The way that Abraham thought about God, about the world, and about humans was unique for his time and had a major effect on the way we think about these things today. One of Abraham’s original ideas has already been mentioned. This is the idea of monotheism, the belief that there is only one God. Whereas other ancient people believed that there were many gods who represented different forces in nature, Abraham believed that there was only one God who had created all of nature.
This different view of God also made Abraham and his descendants view the world in a different way. Because other ancient people believed the world was filled with many different gods, they saw nature as chaotic. They believed, for example, that the sky god might fight against the earth god and cause thunder and lightning to strike the earth or not allow rain to fall to the ground. Maybe the fire god would go to war with the tree gods and burn them all down. If there is only one God who created all of nature and who controls it, however, then nature can be seen as good and orderly. If there is a flood or a forest fire, it is not because the gods are at war with each other but because the one God allowed it to happen for a good reason.
In addition to these different views of God and nature Abraham and his descendants also had a unique view of human beings. You have already read that the Mesopotamians believed that humans had been made by the gods to be slaves. Abraham, on the other hand, believed that God had made human beings to be his children. According to the first book of the Bible, Genesis, God created humans “in his image” (Genesis 1:27). This means that all humans, no matter if they are rich or poor, men or women, strong or weak, were created to be like God – to think, to love, and to be creative. The result of this idea is that Abraham and his descendants believed all human beings were special and that each human being is valuable. As we will see later, in the Bible there is a lot of focus on taking care of people that are poor and weak and on the idea that all human beings deserve to be treated well no matter who they are.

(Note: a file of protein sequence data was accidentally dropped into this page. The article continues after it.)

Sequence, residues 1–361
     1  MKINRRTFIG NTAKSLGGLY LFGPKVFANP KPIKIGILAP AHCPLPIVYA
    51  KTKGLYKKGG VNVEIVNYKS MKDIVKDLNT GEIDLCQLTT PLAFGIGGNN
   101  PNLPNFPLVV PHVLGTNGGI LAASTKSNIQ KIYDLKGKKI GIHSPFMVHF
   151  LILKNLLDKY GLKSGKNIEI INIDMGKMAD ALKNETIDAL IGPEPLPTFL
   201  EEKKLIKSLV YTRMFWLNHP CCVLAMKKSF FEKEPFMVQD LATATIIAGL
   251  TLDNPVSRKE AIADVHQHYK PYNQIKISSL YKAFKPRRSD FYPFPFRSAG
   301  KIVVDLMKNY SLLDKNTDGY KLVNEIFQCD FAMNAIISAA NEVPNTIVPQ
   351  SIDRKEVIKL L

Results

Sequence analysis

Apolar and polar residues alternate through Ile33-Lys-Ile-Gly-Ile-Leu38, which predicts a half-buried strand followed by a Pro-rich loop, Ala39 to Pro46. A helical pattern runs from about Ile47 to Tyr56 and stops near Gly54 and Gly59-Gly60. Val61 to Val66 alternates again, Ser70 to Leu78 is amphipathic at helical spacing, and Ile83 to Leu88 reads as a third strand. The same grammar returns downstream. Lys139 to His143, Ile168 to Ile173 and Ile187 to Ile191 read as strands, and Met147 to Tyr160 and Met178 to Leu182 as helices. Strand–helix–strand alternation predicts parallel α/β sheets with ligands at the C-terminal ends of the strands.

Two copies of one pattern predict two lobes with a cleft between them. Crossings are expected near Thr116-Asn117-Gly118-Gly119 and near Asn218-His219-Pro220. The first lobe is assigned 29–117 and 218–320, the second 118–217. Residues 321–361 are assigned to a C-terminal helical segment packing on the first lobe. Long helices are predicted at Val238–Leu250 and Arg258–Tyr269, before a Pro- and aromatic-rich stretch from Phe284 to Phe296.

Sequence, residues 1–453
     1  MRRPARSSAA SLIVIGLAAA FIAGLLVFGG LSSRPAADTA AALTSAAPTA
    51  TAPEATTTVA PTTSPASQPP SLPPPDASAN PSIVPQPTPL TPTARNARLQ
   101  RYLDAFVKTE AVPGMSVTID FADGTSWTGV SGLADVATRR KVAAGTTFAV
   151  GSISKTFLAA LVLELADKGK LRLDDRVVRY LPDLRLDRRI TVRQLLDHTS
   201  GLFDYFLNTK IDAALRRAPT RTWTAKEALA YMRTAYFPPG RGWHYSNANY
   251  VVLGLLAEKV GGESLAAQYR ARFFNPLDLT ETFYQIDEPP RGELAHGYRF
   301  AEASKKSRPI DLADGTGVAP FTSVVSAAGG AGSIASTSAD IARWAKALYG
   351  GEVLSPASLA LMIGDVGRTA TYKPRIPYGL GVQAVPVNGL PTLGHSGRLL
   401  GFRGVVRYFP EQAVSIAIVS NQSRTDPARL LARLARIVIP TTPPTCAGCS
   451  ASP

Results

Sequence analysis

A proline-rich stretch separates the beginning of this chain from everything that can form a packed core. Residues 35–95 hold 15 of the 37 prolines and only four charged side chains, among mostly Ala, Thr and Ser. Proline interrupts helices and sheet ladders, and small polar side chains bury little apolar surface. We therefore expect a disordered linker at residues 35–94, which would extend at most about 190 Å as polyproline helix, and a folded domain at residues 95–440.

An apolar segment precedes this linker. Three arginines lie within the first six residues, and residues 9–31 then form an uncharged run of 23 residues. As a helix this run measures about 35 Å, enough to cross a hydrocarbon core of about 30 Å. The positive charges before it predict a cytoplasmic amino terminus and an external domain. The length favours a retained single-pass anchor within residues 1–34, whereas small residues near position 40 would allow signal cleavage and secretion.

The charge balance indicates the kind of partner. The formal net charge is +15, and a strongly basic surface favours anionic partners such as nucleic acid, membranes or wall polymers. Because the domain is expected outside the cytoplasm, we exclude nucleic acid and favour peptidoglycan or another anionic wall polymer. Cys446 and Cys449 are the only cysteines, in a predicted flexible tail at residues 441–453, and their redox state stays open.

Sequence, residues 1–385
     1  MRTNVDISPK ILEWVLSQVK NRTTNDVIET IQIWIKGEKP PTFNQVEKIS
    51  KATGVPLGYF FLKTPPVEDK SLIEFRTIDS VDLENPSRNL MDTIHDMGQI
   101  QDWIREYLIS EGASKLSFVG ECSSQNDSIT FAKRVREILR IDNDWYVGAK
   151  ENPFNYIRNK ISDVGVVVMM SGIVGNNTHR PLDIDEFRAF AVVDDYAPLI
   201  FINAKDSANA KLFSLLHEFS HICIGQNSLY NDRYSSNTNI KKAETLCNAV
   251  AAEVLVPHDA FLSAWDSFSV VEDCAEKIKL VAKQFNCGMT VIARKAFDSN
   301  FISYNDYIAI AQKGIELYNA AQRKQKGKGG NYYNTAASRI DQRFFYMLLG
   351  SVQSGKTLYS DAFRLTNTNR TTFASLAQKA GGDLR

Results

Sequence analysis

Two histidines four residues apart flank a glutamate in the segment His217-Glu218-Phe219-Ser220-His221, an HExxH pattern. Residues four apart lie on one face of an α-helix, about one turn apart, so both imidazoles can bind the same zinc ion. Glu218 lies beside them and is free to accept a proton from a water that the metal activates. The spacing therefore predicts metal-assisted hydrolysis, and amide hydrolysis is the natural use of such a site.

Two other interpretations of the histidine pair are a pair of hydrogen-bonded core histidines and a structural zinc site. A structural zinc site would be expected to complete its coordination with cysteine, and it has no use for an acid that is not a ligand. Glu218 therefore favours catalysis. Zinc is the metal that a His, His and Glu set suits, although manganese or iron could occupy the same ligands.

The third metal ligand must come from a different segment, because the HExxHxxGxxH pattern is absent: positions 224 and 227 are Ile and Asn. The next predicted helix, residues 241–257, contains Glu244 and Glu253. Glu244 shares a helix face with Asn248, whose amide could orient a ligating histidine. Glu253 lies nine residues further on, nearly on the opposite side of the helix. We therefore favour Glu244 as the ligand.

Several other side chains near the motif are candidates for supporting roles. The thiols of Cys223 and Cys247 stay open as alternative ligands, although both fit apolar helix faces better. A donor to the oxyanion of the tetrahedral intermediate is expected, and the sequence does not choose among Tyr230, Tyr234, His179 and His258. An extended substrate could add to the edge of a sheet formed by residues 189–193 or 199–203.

Abraham’s unique ideas were shocking at the time. Most ancient people would have laughed at the idea that there is only one God or the idea that this God cares about a poor person as much as he cares about a rich person. The ideas about God, nature, and human beings that began with Abraham took some time to become popular, but when they did they forever changed the world.
1. Where was Abraham from originally?
2. Where did God tell Abraham to move?
3. Why do you think God told Abraham to move away from the place where he was born and go somewhere else? Explain in a paragraph. (Hint: Think about how different Abraham’s beliefs were from other people at his time.)
Covenant – a special agreement between two people in which each person promises to do something for the other
Monotheism – the belief that there is only one God
Patriarch – founder and father of a group
Polytheism – the belief that there is more than one god; from the Greek poly (many) and theoi (gods)
Neither the created nature nor the uncreated freedom belittle the creature. What belittles it is the evil that springs from freedom; but that evil is not a constituent part of its nature for it has not been created by God. The slavery of the creature is connected with a monarchic conception of God characteristic of the lower and non-Christian forms of theism. It is the conception of an autocratic master. This is an aspect of God which precedes the Christian revelation. Christianity is not a monotheistic religion like Mahometanism, it is a trinitary religion. The trinitary conception of God rules out slavery and justifies the freedom and dignity of man. Atheism has often been simply a form of anti-theism and a protest against abstract monotheism and monarchism. The Christianity Trinitary God, the God of love and sacrifice, leaves no room for atheism. The moral consciousness cannot rise against Him in the name “the good” as it does against the abstract monotheistic God who humiliates His creatures, and endows them with freedom in order to make them responsible for the misuse of it and to punish them cruelly.
Nikolai Berdyaev, The Destiny of Man, p. 27